Another option to consolidate debt using your home’s equity is by taking out a home equity loan. With a home equity loan, you won’t be refinancing your existing mortgage. Instead, you’ll be taking out a second mortgage on a separate portion of your home’s existing equity that you can use to consolidate some of your other debt.
With a home equity loan, it’s important to note that you’ll still have to pay your monthly mortgage payment in addition to your home equity loan payment.

Home equity line of credit (HELOC)

A home equity line of credit (HELOC) allows you to borrow against your home’s equity to cover other costs. You’ll be able to borrow up to a certain limit for a set amount of time, which will be followed by a repayment period.
Like a home equity loan, this won’t involve refinancing your mortgage and will involve a separate monthly payment.

Pros and cons of a debt consolidation refinance

Using a refinanced mortgage to consolidate your debt can be a real game-changer, but there are plenty of considerations to keep in mind before deciding whether it’s the right option for you. Take a look at some of the pros and cons that can come with a debt consolidation refinance.

Pros

  • Lower monthly payments: Most obviously, you’ll be creating more room in your monthly budget when you have a lower mortgage rate. 
  • Lower interest rates: Scoring a lower interest rate means more of your payments are actually going toward the loan itself, and you could end up paying less in interest over time.
  • Potential tax deductions: Mortgage interest paid can be tax-deductible under certain circumstances, which isn’t the case for all forms of debt.
  • It could help boost your credit score: While taking out a new loan can temporarily pull down your credit score, consolidating debt can often raise your score over time by giving you a lower credit utilization ratio and as you make on-time monthly payments.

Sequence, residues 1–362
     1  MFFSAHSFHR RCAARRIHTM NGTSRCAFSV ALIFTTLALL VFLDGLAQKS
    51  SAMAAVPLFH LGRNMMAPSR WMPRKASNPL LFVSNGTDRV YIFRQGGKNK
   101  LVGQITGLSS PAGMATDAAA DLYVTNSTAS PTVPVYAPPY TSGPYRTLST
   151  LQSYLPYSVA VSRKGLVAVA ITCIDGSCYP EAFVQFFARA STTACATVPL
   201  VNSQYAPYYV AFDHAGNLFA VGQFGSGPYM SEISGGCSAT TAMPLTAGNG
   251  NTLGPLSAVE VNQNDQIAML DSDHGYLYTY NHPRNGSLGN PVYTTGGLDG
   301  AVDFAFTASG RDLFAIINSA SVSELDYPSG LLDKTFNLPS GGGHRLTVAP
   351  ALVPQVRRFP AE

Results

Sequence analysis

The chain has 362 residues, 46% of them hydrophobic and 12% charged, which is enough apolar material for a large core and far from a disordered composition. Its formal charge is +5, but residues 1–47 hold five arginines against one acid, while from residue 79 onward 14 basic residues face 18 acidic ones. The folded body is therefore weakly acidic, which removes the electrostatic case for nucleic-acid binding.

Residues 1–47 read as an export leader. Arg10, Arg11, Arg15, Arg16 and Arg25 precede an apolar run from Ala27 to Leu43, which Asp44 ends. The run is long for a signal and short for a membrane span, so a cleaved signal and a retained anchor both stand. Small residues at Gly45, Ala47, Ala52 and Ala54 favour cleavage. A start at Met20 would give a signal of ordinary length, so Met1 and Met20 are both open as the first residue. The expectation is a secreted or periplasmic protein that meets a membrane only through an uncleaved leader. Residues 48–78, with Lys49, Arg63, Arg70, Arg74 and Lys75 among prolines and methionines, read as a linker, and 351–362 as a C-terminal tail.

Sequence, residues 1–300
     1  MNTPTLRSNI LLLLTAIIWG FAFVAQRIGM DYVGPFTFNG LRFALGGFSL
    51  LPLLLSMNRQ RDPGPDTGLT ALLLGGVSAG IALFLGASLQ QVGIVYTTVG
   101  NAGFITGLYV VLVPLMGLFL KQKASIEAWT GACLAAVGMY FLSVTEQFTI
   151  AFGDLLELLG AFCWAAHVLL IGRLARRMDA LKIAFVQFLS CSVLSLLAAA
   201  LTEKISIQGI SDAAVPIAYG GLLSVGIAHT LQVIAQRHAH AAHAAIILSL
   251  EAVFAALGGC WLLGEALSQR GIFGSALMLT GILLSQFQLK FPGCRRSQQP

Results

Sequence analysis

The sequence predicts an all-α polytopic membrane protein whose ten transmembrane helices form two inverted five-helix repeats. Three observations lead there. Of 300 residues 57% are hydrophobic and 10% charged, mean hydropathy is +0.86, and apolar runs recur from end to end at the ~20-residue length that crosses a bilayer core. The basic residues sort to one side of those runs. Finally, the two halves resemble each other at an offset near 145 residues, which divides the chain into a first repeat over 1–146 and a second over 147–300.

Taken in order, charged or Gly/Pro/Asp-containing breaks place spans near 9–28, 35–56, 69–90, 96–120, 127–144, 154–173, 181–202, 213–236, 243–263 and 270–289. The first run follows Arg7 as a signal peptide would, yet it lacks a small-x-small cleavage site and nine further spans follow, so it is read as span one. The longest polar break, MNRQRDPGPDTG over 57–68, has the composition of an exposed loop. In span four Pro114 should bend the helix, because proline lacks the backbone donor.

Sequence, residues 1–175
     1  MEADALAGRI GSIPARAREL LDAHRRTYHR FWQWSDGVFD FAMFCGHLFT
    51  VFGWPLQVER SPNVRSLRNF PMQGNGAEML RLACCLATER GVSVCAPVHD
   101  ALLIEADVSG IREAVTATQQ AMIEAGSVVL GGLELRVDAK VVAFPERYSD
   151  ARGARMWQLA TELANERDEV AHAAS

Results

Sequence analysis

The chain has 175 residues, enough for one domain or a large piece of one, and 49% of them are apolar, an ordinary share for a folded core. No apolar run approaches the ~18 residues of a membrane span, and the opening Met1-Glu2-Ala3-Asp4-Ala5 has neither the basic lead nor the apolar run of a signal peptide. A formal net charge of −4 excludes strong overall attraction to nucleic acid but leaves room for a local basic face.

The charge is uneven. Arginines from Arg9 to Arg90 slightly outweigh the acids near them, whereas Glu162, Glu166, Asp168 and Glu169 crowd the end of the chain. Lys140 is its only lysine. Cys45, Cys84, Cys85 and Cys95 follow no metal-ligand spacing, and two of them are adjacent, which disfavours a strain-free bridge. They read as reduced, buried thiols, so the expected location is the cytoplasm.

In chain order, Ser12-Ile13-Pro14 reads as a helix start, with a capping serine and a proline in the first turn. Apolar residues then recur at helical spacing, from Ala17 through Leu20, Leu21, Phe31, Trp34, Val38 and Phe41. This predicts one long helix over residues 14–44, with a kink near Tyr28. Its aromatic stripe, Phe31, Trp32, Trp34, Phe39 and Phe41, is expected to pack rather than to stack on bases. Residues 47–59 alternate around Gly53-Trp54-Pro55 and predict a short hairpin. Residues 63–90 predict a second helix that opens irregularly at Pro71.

• Your new mortgage terms may work better for you: If the conditions of your potential new mortgage refinance are more forgiving than those for your other existing debts, a debt consolidation refinance may be the right choice.

Cons

  • Your house is your collateral: If you go this route, keeping your house hangs on you being able to make your refinanced mortgage payment, so make sure your monthly payment is one you can handle.
  • Closing costs and other fees: Refinancing your mortgage will also involve closing costs, so you’ll want to make sure you can pay for these before moving forward. You should also consider whether closing costs and any other fees will still be worth it when consolidating your debts. 
  • You might be tempted to take out more debt after getting used to a lower monthly payment, so it will be important to exercise self-discipline if you opt to consolidate your debt with a mortgage refinance to avoid putting yourself in a financially vulnerable position again.
  • You might have a longer loan term: The length of time it takes to pay off your mortgage might increase compared to the terms on some of the original loans you took out, which could mean you’ll have to deal with monthly payments longer and you may pay more in interest over time.
  • You’ll need a significant amount of equity: Because many lenders want to see that you still maintain a certain amount of equity in your home (often at least 20%), a debt consolidation refinance isn’t always an easy option for new homeowners who have only recently taken out a mortgage.

How to save on home and car insurance

If you’re looking to free up more room in your monthly budget, you could also consider revisiting your home and car insurance policies. If you’re wondering if you could be getting better coverage for a better rate, the Jerry app makes the insurance shopping process faster and easier than ever!
Once you’ve downloaded the app, you’ll enter some information, which takes under a minute. Then, Jerry will show you personalized quotes from some of the nation’s top insurance providers so you can compare your options in one spot.
Once you find the coverage you need at the lowest available rate, Jerry can even help you with setting up your new policy and canceling your old one. 
The average Jerry user enjoys a savings of $800+ per year on car insurance alone, and you could find additional savings when bundling with your home insurance policy!
Jerry was wonderful! I used it for my auto and renters policies. I trusted it so much that I signed up my homeowners insurance under Jerry as well. All of the agents are amazingly nice and knowledgeable.” —Mary Y.